01.12.2013 - 07.02.2014
It has been a while since I have written about particular residents on this blog. I started out with the intention of honouring everyone of my guests with a short personal summary of their practice as I had experienced it in Trelex. But blog writing is quite time consuming, and I can sense that it's a bit of hassle for the residents too.
The intention of the blogs by residents and by me was also to give so many windows into what it is like to work and live in Trelex and of the variety of Artists that are welcomed (though we could do with more writers and musicians, it seems to me!).
Still, I wanted to share just two little pieces by Luuk and Hesoo who came for a few months to Trelex. You will have seen photos on the FaceBook page for the residency of the screen printing facilities they constructed: drying rack suspended on pulleys from the rafters, screen printing table with recycled bottle counterweight, and UV exposure box complete with storage for two screens.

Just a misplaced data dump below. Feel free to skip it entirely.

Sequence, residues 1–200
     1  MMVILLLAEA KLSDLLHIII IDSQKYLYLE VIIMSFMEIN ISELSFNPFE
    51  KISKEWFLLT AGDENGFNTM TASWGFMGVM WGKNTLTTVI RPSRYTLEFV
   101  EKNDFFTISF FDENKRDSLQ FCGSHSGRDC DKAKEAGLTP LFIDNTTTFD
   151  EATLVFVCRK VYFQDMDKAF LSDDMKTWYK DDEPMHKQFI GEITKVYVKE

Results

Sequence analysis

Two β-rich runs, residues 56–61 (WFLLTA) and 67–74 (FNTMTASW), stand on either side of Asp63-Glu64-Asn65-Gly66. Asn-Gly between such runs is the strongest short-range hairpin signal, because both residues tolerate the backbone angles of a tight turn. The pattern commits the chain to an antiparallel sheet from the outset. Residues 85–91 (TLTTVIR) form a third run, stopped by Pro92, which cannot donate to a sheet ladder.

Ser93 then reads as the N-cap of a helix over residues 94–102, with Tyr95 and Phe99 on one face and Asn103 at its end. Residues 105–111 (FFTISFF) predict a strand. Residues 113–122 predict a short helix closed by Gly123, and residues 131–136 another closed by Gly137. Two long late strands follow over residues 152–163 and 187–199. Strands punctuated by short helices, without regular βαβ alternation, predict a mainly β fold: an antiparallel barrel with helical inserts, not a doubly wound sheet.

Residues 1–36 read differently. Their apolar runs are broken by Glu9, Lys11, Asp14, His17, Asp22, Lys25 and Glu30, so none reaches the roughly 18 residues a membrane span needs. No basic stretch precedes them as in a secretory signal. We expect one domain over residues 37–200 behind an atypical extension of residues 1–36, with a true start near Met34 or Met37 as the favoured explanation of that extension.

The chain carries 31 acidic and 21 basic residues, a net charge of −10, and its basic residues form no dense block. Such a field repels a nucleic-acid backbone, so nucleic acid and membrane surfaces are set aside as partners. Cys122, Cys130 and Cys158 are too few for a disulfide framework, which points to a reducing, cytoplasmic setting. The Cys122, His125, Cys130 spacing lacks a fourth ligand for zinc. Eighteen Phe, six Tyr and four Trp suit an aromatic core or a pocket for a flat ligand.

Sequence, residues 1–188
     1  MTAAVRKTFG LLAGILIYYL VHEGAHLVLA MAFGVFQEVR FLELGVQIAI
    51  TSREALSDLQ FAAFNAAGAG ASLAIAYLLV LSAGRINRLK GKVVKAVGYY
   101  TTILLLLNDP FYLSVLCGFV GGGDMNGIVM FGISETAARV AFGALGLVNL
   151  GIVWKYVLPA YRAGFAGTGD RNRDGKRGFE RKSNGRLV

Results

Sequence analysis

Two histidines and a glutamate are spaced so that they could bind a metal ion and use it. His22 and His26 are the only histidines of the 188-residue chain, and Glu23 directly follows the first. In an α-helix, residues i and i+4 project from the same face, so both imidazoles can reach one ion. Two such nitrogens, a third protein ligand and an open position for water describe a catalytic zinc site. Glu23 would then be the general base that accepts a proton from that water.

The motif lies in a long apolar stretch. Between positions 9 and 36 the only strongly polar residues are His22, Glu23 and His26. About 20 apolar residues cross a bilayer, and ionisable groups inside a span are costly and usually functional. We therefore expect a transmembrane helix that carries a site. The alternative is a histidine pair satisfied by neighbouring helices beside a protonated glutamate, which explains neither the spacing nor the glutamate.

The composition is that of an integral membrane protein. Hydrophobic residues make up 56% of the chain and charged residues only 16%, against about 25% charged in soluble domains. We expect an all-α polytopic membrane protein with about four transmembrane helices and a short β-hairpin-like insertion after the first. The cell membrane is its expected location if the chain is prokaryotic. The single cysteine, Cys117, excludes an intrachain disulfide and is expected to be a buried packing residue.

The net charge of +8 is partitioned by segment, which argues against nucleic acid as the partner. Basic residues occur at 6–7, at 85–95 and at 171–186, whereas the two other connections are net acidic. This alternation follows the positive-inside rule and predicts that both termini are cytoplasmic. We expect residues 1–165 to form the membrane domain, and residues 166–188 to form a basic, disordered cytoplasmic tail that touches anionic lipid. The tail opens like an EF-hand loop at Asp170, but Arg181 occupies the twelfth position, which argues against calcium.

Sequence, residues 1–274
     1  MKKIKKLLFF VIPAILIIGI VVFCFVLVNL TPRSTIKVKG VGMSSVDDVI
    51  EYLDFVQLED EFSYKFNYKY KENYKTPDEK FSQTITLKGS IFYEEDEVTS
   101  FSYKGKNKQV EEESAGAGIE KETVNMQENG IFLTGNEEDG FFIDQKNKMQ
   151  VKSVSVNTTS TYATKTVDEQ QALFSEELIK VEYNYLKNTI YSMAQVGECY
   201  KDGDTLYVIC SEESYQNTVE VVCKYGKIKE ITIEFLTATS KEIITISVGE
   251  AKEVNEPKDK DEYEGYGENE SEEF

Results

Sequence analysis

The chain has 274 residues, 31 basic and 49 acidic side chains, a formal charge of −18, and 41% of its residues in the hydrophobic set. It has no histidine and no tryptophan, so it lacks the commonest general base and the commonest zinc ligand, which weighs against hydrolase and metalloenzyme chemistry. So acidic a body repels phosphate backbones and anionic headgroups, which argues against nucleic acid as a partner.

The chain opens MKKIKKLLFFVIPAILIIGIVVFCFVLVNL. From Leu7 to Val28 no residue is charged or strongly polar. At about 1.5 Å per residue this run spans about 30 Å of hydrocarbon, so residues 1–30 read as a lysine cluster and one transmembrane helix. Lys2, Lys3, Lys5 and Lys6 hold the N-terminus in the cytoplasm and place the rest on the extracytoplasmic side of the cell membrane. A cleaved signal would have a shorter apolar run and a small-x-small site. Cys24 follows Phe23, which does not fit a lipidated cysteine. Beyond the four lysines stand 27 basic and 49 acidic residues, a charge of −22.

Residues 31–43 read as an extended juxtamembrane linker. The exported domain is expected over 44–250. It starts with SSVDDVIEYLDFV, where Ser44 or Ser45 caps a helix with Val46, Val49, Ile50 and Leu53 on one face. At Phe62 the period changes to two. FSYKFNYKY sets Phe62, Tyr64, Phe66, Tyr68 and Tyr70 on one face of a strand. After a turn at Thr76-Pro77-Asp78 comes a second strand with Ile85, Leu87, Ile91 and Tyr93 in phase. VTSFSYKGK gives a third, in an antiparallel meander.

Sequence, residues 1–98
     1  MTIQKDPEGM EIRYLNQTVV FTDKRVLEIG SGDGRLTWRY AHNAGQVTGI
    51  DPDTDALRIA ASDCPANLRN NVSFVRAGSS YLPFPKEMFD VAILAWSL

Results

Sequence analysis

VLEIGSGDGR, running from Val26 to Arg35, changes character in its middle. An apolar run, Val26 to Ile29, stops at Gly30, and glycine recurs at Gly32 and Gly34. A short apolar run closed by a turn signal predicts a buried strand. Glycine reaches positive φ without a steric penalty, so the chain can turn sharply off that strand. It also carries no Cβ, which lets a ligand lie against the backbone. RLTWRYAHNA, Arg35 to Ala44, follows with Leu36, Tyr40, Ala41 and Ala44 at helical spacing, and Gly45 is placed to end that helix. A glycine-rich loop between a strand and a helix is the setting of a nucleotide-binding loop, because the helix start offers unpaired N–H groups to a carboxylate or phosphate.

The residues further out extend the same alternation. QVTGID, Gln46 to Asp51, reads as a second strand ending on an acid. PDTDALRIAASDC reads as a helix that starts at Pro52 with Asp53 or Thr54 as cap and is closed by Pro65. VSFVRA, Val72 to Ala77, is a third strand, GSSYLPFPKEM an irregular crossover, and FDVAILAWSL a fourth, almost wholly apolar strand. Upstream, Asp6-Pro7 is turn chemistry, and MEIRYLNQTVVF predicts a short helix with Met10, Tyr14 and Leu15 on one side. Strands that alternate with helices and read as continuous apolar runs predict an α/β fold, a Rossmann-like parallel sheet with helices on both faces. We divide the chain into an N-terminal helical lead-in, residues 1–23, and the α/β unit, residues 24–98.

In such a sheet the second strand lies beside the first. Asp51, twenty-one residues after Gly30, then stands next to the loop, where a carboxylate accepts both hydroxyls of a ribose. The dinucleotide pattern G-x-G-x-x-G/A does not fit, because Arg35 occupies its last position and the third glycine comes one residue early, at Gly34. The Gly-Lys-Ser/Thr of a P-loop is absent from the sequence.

And in between all this, Luuk and Hesoo managed to contribute to a group show in Fribourg and make a lot of work.
For the first one, I am rather relieved I wasn't in the studio. Luuk is walking in a figure of eight on the rafters and the two 4m walls on caster wheels (!) giving us a very unusual view of the part of the studio which is double height. The piece is caller Measurement 3 and is consistent with previous works by Luuk (website here) in which he uses video to measure or pace out a space following an almost mathematical logic. Works like these are almost always shown as a loop: the artistic measurement is never complete somehow, has no obvious beginning or end, like more classical scientific measurements. And so the measurement becomes formally useless and perfectly absurd.
Hesoo shone a projector out of the window of the residency, onto the little copse in the garden, on a very foggy night. The intention was to experiment with creating one of her floating frames of illumination which she then photographs for works that are both dramatic and oddly mundane (see examples on her website here). Instead the mist was so thick that the light never quite reached the trees and just seem to hang in the air. On the floor below, my husband got out of bed to look for the moon that would give such strange light. It was a very special moment and one which feels emblematic to me now. The residency looks like a lighthouse, created wonder and curiosity. It has attracted many people who are cautiously curious about contemporary art and has been a forum for many a discussion about what it is all about. I can't help but hope that there will one day be a network of these places: safe havens for artists and guiding lights for everyone else.